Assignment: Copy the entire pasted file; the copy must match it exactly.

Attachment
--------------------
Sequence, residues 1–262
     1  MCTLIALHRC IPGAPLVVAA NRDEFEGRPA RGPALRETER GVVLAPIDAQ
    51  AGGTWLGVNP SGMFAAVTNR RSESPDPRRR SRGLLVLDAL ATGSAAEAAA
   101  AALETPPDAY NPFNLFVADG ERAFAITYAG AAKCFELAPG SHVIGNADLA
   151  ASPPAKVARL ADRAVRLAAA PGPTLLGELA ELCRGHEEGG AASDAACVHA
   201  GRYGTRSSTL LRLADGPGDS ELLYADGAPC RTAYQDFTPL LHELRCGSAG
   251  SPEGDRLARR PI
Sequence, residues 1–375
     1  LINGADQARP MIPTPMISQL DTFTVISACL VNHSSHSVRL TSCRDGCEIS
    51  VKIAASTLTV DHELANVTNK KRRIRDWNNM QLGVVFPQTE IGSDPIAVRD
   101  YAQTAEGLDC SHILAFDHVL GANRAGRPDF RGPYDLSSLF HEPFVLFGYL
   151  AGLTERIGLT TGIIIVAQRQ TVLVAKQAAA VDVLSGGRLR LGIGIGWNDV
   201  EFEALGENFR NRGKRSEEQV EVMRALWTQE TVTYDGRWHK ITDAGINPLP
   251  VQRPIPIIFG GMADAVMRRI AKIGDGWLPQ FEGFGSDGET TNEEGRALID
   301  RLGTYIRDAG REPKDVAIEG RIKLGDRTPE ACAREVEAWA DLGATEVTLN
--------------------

Sequence, residues 1–262
     1  MCTLIALHRC IPGAPLVVAA NRDEFEGRPA RGPALRETER GVVLAPIDAQ
    51  AGGTWLGVNP SGMFAAVTNR RSESPDPRRR SRGLLVLDAL ATGSAAEAAA
   101  AALETPPDAY NPFNLFVADG ERAFAITYAG AAKCFELAPG SHVIGNADLA
   151  ASPPAKVARL ADRAVRLAAA PGPTLLGELA ELCRGHEEGG AASDAACVHA
   201  GRYGTRSSTL LRLADGPGDS ELLYADGAPC RTAYQDFTPL LHELRCGSAG
   251  SPEGDRLARR PI
Sequence, residues 1–375
     1  LINGADQARP MIPTPMISQL DTFTVISACL VNHSSHSVRL TSCRDGCEIS
    51  VKIAASTLTV DHELANVTNK KRRIRDWNNM QLGVVFPQTE IGSDPIAVRD
   101  YAQTAEGLDC SHILAFDHVL GANRAGRPDF RGPYDLSSLF HEPFVLFGYL
   151  AGLTERIGLT TGIIIVAQRQ TVLVAKQAAA VDVLSGGRLR LGIGIGWNDV
   201  EFEALGENFR NRGKRSEEQV EVMRALWTQE TVTYDGRWHK ITDAGINPLP
   251  VQRPIPIIFG GMADAVMRRI AKIGDGWLPQ FEGFGSDGET TNEEGRALID
   301  RLGTYIRDAG REPKDVAIEG RIKLGDRTPE ACAREVEAWA DLGATEVTLN